Arsenal fans can be a volatile bunch, in the nicest way possible. When the Gunners are doing well the Emirates faithful will be quick to demand a statue outside the stadium and the unveiling of the “Arsène Wenger’s Invincibles Season Family Stand”, but when there’s a dip in form you can be certain that middle-aged men will be quick to create fan-cam YouTube channels and hold “*insert manager’s name here* Out” placards like some kind of novelty football coup.
Mikel Arteta, however, marks a new era in Arsenal’s modern history; working to break the shackles of mediocrity that have thwarted the London club since the downfall of the legendary Arsène Wenger.
This isn’t to say that the Spaniard is a quick fix to Stan Kroenke’s problems – only eight points from a possible 21 doesn’t scream salvation for the Gunners and Arteta only gets away with it because he wears jumpers and looks like that suave Spanish holiday rep from your all-inclusive family trip to Malaga. Joking aside the signs are certainly there that the Spanish tactician is moulding a new-look Arsenal, and for the better this time unlike the last Spanish tactician tasked with sculpting a new era at The Emirates.
Pep Guardiola’s former right-hand man has Arsenal playing some sumptuous and attractive football. Some incisive Euro-centric displays of the early 2000s at Highbury have returned – somewhat of a revelation from a man who spent most of his playing career alongside Tony Hibbert.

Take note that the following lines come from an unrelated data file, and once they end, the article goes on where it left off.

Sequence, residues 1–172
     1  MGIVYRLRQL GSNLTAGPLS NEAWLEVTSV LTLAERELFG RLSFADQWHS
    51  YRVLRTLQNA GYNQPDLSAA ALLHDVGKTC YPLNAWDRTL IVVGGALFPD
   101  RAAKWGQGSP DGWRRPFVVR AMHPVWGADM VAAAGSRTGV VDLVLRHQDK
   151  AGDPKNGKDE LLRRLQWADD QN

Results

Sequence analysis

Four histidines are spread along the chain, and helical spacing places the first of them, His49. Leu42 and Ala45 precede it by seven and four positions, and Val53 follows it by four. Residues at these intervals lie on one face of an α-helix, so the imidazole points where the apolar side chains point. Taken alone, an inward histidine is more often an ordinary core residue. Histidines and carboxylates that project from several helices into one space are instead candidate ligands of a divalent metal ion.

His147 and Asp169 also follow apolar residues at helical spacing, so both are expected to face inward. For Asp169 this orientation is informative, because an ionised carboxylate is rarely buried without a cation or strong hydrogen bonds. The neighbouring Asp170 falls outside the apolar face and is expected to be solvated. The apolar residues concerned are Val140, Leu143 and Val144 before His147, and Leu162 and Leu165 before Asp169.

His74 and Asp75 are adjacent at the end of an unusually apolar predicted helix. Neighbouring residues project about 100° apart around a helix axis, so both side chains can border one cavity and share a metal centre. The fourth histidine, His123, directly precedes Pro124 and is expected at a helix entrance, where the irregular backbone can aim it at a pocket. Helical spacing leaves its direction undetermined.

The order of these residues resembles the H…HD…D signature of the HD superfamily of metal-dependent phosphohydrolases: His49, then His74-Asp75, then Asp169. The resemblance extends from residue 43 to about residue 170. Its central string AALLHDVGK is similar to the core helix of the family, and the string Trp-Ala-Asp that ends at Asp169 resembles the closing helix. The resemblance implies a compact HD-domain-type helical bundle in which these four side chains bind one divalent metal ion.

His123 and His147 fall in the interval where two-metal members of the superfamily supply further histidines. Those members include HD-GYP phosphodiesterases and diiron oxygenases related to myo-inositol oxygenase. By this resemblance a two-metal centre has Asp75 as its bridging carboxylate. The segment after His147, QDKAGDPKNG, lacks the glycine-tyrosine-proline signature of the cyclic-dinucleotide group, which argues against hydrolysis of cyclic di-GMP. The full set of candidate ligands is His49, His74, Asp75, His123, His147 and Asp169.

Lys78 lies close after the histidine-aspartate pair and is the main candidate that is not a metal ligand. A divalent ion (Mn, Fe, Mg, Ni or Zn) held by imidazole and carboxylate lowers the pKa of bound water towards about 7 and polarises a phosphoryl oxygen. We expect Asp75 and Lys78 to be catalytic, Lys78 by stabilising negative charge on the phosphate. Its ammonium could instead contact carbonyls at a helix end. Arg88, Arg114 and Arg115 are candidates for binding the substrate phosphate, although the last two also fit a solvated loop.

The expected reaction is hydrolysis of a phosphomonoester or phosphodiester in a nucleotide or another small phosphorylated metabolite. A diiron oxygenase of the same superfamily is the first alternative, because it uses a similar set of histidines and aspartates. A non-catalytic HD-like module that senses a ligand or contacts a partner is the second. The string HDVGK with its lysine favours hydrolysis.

But how is Arteta evolving from Unai Emery’s ‘reign of error’? Well apart from reportedly boosting spirit and morale in the dressing room, a combination of patient ball-playing and apt use of Arsenal’s potent wide players has seen an upturn in results. The former Everton man has put great emphasis on Arsenal’s centre-backs carrying the ball out from the back of his wide 4-2-3-1 formation to distort and break the shape of the opposition. This is something that Arteta witnessed Pep utilise last season at Manchester City with John Stones and Aymeric Laporte as ball-playing central defenders and upon which he has built the basis of his forward play at Arsenal.
Arteta encourages his players to be patient with the ball and, when they are not under pressure, drive the ball forward before looking for a pass to drag markers away from teammates and leave the recipient of the pass in more space. Whilst David Luiz is pivotal to this and proficient at driving forward, probably due to his days as a defensive midfielder at PSG, Sokratis is starting to emulate his defensive colleague as both centre-backs are now stocky ball-carrying aficionados.
This free-flowing dribbling at the defensive line opens up passing lanes to Arsenal’s full backs; who Arteta positions very wide to stretch the field horizontally and exploit Pierre-Emerick Aubameyang and Nicolas Pépé’s acute pace for through balls, with Lucas Torreira and Granit Xhaka in more space in central areas. This focus on overall touchline football contrasts Pep’s set-up where he often tucks his full-backs in more to provide more of a midfield presence.
Arteta may shop at the same fleece retailer as his previous superior, but Arsenal’s former skipper is determined to put his own stamp on his blossoming managerial career.